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The struggle is real to keep track of all your craft room projects. From supplies, receipts, finished items, items in progress, craft shows, inventory, sales, you name it. For most creators, it is hard to keep everything organized. So I’ve put together 5 tips for keeping track of craft projects to share with you along with a free craft project planner.

The overwhelm can be daunting, but just like any other chore, it is easier when you break it down step by step and tackle each thing one at a time. Let’s take a look at these things and see if these 10 tips will help!

Best part is I’m going to send you all the pdf’s I talk about that I use to help me keep track of my craft projects. You can get them now by clicking here. Or they will be available again at the end of this article!

5 Tips for Tracking Craft Projects for Profit

1. Organizing Your Craft Room

Seems like a no brainer that the more organized you are, the easier it is to keep track of your craft projects right? Well, like I said before, creators are not always best at organizing. I’ve also seen that those that are great at organizing are seldom crafting. Weird right?

I fall into the second category, really good at organizing, yet never seem to have time to craft. Is that you? or are you always crafting and then looking into your room and wondering how the heck you can find anything?

The best part about having your room organized and adopting a clean up routine, is that you when you go to craft, you will have a much better experience each time finding what you need, knowing what you are out of, able to start crafting the minute you walk in! That’s the goal and the reason to keep your room organized.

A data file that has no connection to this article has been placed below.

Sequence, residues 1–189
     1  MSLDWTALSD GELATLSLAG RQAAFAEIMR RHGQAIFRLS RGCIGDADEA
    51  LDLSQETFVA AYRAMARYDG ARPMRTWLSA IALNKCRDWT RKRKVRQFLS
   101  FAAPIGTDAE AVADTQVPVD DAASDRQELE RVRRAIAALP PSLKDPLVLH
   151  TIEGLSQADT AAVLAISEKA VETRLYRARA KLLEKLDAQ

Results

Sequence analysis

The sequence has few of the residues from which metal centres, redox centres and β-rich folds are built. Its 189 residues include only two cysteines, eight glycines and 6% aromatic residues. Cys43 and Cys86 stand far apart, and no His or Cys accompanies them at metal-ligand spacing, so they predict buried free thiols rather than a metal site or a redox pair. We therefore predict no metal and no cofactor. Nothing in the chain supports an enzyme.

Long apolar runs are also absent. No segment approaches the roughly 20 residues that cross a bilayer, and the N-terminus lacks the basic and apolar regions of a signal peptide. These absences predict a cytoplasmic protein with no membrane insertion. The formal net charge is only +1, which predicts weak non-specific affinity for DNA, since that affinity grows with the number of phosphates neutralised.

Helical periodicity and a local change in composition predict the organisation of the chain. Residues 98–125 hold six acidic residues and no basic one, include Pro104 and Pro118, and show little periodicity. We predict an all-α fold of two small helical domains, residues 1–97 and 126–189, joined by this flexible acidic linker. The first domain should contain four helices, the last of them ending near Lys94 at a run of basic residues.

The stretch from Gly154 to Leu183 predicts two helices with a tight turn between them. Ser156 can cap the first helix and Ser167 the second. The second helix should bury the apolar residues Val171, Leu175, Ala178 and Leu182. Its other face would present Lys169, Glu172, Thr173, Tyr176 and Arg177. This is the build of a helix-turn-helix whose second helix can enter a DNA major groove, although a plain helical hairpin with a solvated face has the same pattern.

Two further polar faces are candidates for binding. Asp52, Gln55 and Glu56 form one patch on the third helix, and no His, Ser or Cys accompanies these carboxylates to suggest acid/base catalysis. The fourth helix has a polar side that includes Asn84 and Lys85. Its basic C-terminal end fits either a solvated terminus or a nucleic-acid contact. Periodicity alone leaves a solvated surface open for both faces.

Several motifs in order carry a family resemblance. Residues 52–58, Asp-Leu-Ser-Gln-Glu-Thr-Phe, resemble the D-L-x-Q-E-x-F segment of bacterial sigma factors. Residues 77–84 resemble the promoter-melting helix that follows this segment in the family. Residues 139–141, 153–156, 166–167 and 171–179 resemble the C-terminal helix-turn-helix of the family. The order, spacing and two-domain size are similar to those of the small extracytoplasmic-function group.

Most creators I see that are not that great at organizing have piles of “stuff” everywhere. They are overwhelmed and just can’t seem to figure out how to begin. Just like my kid’s rooms when they were little, I would start by sitting in the middle of the chaos and start making piles.

Craft Room Organization Zones
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I organize my craft room into zones. I have zones for generic tools (scissors, glue, tape, etc.), paper, vinyl/cricut supplies, jewelry supplies, sewing supplies, etc. Above is the zones and categories that I have created for the top of the counters in my craft room as you saw in the video briefly. This gives you and idea of how to do this for your space.

2. Keep Track of Inventory

If you are just now starting your crafting experience or or already knee deep, it is important to know what you have. Just like grocery shopping, don’t you usually open the cupboards to see what you have before you go shopping? That way you 1) don’t overspend 2) don’t have duplicates 3) don’t run out of space in your kitchen to store duplicates 4) get what you actually need. The same applies to crafting.

I use this handy Inventory Tracking sheet to write down all that I have, and when I buy new things, before I put them away, I add them to the inventory tracker.

3. Define Your Craft Projects

If you are like me, I have 30 different craft projects going at once! Ok, maybe not that many, but it sure feels like that at times. So it is important that I have them organized, maybe not so visually, but at least on paper. When I start a new project, I start with my craft project tacker and have it handy in my planner to refer to and complete during the project. It’s a sheet of paper that has everything I need to know about the project.

Using my project tracker, I usually start by making a list of the materials needed. Then I go through my existing stash to see what I have and what I need for the project. That way I have my shopping list already done. It’s really quite easy doing it that way. Not only for shopping but then I keep that list in my Craft Room Planner and have it ready the next time I want to make that project.

A project tracker, at a minimum, should contain a place to put the name of your project and the supplies you need to complete the project. Take it a step further and include a place to put the location of your supplies if you use the inventory sheet from above. That way you will know exactly where to look for your supplies in your craft room.

4. Know Your Costs

On my project tracker, since I already have the supplies needed, I also list the cost of each item I purchase. Most items are purchased in bulk so I put the total cost on the line and then I’ll break the cost down to one unit. So if I purchase enough to make 10, I take the total cost of supplies needed and divide by 10 so I know the cost for one unit.